China’s New Silk Road Must Pass Through Middle East

JERUSALEM — Three hundred kilometers by high-speed rail between the cities of Eilat and Ashdod, connecting the Red Sea coast to the Mediterranean: They call it the “Red-Med” Project.

Financed by Beijing and launched from Jerusalem, China has revealed its strategy for “West Asia” — the term that the China Shipping Container Lines company uses to delineate the area of operations between Hormuz, Suez and Haifa.

The use of the term West Asia rather than Middle East is no accident — this gives precedence to the size of the economic link with China rather than the ever troublesome geopolitics of the region.

Such is the framework that explains the activism of China’s Foreign Minister Wang Yi, who has come on a flurry of trips over the past 90 days to meet with Israeli Prime Minister Benjamin Netanyahu, the Saudi Arabian crown prince, the Iranian Foreign Minister, as well as a multitude of players from the Gulf and North Africa.

West Asia is the region where more than 30 ports of various sizes and functions allow China to both import 60% of its annual requirements of oil, and export goods destined for Europe, the premier market for “Made in China;” as well as transport to and from Africa, with the presence of some one million Chinese workers and an import-export trade of $120 billion that capitalizes on every type of natural resource from agriculture to mining.

“West Asia is a region of strategic importance for China,” notes Robert Lawrence Kuhn, an international banker with extensive experience in Beijing. “It allows you to import energy from the Gulf, while trading with Europe and Africa at the same time.”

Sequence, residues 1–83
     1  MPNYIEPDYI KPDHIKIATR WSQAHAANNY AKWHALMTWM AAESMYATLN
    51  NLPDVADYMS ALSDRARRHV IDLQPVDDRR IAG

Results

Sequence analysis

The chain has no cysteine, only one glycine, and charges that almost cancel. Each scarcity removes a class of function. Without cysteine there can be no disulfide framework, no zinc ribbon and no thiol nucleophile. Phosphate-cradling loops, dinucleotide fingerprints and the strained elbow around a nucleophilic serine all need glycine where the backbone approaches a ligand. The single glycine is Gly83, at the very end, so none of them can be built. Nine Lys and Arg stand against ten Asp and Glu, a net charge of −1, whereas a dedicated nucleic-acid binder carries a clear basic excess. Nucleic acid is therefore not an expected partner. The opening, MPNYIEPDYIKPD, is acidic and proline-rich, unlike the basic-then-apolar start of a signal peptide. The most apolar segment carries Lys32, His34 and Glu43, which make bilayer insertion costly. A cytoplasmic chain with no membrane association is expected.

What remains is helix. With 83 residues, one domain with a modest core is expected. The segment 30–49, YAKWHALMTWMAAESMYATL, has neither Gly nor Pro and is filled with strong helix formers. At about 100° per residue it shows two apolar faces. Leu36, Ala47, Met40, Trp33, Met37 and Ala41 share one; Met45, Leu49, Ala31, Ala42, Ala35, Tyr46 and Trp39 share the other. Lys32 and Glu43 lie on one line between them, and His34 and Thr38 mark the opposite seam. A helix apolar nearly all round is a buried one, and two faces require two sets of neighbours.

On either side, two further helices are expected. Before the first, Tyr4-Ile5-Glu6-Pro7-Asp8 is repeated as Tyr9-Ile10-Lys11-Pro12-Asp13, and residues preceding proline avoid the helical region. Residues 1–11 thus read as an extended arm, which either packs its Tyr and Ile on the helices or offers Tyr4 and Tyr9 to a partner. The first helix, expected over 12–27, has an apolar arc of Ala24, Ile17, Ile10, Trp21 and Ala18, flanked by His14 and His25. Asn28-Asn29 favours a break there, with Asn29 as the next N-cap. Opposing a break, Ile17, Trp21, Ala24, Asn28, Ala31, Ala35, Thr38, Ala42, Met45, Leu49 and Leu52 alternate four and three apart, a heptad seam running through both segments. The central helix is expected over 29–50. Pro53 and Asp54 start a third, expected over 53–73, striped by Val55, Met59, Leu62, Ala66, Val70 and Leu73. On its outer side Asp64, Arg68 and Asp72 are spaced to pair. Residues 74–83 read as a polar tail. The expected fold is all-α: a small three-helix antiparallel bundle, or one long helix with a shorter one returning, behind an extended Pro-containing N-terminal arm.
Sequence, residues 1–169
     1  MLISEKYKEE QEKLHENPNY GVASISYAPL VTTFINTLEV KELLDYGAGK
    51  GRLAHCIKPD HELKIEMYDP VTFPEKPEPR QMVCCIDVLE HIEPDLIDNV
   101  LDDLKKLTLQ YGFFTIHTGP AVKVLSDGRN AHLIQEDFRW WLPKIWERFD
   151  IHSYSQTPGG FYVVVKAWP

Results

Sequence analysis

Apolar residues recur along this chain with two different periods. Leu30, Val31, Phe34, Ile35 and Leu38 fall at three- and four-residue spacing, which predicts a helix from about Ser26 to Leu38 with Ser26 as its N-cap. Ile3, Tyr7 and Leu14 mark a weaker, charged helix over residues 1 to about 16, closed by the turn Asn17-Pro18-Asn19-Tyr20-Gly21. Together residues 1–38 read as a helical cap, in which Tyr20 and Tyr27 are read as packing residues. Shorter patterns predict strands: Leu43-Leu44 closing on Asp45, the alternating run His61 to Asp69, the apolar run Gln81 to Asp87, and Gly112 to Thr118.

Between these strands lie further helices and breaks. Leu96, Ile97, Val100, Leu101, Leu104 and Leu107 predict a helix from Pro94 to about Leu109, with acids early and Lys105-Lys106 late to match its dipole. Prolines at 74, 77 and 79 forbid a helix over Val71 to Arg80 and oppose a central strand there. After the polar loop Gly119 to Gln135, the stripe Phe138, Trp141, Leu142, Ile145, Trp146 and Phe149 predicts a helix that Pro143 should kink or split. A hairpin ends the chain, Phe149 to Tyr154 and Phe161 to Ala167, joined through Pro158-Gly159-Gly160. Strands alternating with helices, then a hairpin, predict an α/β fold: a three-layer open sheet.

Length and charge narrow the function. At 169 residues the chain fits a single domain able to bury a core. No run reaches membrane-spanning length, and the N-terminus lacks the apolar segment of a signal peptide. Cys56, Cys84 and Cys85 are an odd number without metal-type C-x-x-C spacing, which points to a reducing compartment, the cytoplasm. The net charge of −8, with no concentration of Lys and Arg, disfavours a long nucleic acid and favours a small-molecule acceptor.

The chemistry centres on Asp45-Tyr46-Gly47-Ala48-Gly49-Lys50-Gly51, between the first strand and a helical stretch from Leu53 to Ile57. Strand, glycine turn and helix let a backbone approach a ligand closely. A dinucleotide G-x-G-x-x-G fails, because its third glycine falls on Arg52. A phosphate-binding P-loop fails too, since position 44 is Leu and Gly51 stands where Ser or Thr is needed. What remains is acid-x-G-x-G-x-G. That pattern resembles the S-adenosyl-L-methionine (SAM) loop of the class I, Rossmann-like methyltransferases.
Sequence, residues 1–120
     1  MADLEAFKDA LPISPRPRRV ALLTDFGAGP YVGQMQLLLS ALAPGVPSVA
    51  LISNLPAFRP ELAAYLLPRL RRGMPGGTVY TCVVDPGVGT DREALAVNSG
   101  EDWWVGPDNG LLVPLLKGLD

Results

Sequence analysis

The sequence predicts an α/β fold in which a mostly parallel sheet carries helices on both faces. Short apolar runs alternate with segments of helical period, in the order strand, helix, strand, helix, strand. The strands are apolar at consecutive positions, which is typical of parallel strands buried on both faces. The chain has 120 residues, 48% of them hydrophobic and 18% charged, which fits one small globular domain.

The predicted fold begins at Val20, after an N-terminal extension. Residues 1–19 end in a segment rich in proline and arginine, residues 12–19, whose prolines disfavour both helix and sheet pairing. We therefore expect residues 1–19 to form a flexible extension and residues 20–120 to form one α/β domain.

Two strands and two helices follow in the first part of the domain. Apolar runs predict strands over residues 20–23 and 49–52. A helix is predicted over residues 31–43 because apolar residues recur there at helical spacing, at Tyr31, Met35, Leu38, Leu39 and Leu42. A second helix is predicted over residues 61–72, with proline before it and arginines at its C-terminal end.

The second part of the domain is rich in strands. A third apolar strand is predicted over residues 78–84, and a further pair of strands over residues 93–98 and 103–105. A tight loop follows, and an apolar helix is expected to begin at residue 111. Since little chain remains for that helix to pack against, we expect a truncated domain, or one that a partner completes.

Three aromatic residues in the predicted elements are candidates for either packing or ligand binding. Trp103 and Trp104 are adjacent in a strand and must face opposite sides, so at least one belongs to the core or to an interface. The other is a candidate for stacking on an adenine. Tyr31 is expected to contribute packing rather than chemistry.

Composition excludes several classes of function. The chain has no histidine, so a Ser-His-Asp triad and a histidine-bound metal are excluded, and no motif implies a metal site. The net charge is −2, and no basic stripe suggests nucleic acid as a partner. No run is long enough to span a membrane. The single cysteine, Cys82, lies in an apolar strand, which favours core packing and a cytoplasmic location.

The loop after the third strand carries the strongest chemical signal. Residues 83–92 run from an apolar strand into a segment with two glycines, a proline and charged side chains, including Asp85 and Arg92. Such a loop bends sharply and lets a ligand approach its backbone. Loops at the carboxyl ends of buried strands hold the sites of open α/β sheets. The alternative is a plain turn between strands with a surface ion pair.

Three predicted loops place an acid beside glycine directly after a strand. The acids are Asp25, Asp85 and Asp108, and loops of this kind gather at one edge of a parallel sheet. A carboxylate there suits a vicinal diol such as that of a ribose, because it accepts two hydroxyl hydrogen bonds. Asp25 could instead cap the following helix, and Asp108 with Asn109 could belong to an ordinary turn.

By land, if necessary

This is the strategy of the “New Silk Road.” It also includes the Chinese military pouring money into in high-speed lines inside the country, Beijing inking an agreement in 2010 with Tehran for an intended route through Central Asia that envisions a futuristic Orient Express within 10 years — capable of traveling from the Chinese capital to the English Channel in just two nights.

This railway will pass through at least 28 countries in Asia and Europe, extending along 81,000 kilometers from Shanghai to Nanjing at more than 350 kilometers per hour, connecting China to the commercial hub of West Asia. The Luxor-Alexandria railway is, in this context, additional infrastructure to ensure that the “Made in China” goods can access Africa, like the Eilat and Ashdod ports in the Mediterranean.

This also explains the determination with which Netanyahu wants to fast track the construction through the Negev desert, with a bill of $2 billion over five years, with work slated to begin within the next 12 months.

Full article: China’s New Silk Road Must Pass Through Middle East (World Crunch)

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